Five Best Songs From R. Kelly’s ‘TP.3 Reloaded’ Album
For nearly 25 years, R. Kelly has provided too many hits and classic songs for us to even attempt to keep count. Bursting onto the scene alongside Public Announcement in 1992, the Chicago native has continuously evolved as an artist, from the way he crafts his songs to his look and everything in between. While controversy has been very much a part of his career, he's managed to quiet many critics with his knack for concocting timeless tunes and becoming one of the most iconic artists of this generation.
The 48-year-old singer dominated the '90s with multiple critically acclaimed albums and building a reputation as one of R&B's most gifted songwriters. The millennium was a rocky period for the crooner. Despite being embroiled in a child pornography scandal, the allegations didn't do much to slow down Kelly's impact on the music world.
In 2003, Kells released Chocolate Factory, which sold over three million copies worldwide. His following LP, Happy People/U Saved Me, marked yet another platinum-selling achievement for the singer.
On July 5, 2005, R. Kelly dropped his seventh studio LP, TP.3 Reloaded, which gave him his fourth No. 1 album. While falling short of the high expectations set by previous releases, the collection was a solid effort.
With 10 years having passed since its arrival, we took a look back at the five songs from the album that hold up the best.
We get blessed with a laid-back selection with the Snoop Dogg-assisted, "Happy Summertime." The two legends mesh perfectly together, bouncing off of each other on the track with the Doggfather proving that he's still got plenty of lyrical tricks up the sleeve. Kells wins with this breezy ditty that is sure to make you bust a dance move at a moments notice.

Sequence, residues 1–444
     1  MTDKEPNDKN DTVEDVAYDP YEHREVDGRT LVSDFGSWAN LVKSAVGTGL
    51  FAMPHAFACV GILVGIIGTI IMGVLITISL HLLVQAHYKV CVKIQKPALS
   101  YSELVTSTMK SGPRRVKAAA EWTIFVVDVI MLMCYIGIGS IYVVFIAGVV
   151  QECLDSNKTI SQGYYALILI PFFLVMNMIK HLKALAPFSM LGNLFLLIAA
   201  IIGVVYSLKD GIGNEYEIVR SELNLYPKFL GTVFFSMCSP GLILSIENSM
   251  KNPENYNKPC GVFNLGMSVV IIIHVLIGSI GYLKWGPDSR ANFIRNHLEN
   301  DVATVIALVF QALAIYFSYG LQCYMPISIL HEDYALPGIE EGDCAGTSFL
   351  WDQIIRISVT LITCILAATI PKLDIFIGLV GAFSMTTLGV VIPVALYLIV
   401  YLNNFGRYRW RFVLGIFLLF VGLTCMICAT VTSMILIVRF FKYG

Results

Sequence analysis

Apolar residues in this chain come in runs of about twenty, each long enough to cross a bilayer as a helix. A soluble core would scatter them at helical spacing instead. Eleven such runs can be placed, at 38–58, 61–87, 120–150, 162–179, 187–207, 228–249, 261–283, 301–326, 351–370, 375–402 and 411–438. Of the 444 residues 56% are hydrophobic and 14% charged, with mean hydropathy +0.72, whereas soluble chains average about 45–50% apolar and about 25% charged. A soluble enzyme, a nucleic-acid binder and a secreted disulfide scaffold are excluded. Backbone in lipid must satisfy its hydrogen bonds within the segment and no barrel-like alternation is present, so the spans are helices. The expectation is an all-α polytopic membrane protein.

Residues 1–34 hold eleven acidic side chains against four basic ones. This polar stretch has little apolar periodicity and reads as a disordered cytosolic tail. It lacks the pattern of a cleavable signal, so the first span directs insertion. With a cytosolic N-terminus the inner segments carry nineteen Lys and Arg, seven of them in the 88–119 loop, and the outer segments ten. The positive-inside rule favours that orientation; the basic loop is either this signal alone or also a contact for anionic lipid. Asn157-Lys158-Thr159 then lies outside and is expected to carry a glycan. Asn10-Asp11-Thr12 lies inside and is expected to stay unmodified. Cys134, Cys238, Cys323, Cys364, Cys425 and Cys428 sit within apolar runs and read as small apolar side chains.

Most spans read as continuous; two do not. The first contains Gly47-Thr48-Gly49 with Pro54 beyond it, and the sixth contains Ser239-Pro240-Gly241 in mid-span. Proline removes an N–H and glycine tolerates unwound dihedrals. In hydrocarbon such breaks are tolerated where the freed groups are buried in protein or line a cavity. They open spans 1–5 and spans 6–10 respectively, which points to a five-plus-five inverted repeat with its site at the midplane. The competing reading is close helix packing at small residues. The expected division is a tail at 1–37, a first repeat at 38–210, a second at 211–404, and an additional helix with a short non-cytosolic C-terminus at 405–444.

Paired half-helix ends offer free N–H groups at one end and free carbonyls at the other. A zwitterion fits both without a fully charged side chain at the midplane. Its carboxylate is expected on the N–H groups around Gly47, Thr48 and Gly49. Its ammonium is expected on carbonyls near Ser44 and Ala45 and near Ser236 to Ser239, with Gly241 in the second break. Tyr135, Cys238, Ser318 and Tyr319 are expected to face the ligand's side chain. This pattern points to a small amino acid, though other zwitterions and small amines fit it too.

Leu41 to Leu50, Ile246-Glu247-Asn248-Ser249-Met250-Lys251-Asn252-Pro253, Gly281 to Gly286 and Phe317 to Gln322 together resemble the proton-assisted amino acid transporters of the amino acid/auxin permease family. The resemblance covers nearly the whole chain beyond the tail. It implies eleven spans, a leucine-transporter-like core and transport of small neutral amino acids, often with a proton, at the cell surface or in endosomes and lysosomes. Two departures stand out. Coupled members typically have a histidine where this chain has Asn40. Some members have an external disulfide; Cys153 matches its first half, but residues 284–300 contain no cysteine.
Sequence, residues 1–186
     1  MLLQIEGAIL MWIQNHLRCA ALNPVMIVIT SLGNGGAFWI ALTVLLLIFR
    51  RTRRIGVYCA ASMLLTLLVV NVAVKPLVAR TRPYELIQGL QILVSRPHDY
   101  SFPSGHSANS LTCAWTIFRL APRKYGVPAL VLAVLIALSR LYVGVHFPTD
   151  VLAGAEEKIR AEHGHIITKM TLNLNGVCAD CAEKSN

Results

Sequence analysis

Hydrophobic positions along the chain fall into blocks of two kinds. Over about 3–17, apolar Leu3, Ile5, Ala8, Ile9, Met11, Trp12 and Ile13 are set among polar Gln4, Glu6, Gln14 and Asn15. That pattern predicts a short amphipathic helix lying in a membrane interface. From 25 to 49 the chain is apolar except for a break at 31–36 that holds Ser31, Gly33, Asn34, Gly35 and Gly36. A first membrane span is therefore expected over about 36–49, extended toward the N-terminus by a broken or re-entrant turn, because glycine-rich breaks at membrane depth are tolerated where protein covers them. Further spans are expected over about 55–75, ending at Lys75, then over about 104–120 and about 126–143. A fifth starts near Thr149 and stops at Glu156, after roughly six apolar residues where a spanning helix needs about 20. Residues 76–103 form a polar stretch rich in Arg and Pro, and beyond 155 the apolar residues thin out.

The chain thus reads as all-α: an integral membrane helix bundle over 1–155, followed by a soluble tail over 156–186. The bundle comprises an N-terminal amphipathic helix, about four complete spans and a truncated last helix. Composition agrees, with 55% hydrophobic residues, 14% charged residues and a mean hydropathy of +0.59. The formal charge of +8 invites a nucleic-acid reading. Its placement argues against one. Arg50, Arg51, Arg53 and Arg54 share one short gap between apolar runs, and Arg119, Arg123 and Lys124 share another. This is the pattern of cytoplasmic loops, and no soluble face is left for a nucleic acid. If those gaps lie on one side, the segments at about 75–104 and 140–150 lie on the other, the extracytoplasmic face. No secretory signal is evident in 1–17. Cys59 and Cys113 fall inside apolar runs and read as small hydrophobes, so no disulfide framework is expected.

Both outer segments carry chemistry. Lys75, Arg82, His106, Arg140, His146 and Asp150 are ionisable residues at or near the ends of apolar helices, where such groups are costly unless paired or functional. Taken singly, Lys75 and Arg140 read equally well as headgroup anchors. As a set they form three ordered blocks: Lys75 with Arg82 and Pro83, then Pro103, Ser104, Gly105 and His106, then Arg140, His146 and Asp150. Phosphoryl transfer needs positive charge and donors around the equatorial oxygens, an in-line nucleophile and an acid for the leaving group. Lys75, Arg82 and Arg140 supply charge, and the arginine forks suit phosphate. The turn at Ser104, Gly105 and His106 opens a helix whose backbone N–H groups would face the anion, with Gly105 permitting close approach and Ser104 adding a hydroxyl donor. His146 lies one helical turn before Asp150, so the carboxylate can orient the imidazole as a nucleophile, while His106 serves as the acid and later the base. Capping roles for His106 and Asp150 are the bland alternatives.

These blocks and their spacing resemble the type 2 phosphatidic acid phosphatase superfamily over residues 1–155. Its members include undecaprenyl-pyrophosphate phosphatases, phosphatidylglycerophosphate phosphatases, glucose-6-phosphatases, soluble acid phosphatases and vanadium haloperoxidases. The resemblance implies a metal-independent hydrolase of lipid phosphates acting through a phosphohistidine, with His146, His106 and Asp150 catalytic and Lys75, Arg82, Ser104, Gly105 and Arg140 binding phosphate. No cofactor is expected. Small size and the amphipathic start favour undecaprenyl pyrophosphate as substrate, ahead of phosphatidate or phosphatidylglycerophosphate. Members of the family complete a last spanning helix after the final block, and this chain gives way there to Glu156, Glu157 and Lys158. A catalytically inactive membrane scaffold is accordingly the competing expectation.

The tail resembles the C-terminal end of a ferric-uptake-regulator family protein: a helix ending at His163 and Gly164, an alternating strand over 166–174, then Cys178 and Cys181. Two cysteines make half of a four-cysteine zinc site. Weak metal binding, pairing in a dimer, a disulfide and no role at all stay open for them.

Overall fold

R. Kelly takes it to the club on "Playas Only" featuring Game. The dynamic duo ball out over production by Scott Storch and the Pied Piper himself, and do so lavishly with their playalistic musings. The second single released from TP.3 Reloaded, "Playas Only" failed to make much noise on the Billboard charts, but continued Kells' streak of quality material tailor-made for radio.
On the Caribbean-tinged heater "Slow Wind," which is written and produced by Kelly, himself, the Chicago crooner requests a private dance from a lovely lady. There are elements of reggae peppered throughout the beat that compliments the lyrical content to a tee. The song was mildly successful but its accompanying music video had a strong run on multiple video countdown shows.
The original "Mr. Steal Your Girl," R. Kelly's past dealings with other men's women has been documented on songs throughout his career, most notably his dealings with Mr. Biggs' wives and his god-daughter. He gets back to his thievery on the popular soap opera-inspired "Trapped In The Closet Chapter 1." It's a riveting storytelling track that sees the crooner caught in a precarious position after leaving the club with a woman that - unbeknownst to him - is already in a relationship. While this chapter of the series is just the tip of the iceberg, it sets the stage for one of the longest running musical sagas in history and had listeners on the edge of their seats waiting for the next plot twist.
Kelly gets sensuous with the conceptual track, "Sex In the Kitchen." Notorious for his sexual innuendo, the crooner crafts a heater in which he paints a vivid picture of an erotic encounter in the setting of a kitchen. "Girl, you're in the kitchen cooking me a meal / Something makes me wanna come in there and get a feel / Walk around in your T-shirt with nothing else on / Strutting past, switching that ass while I'm on the phone," he sings. The veteran songwriter proves why he's regarded as being one of the most talented scribes in the music industry.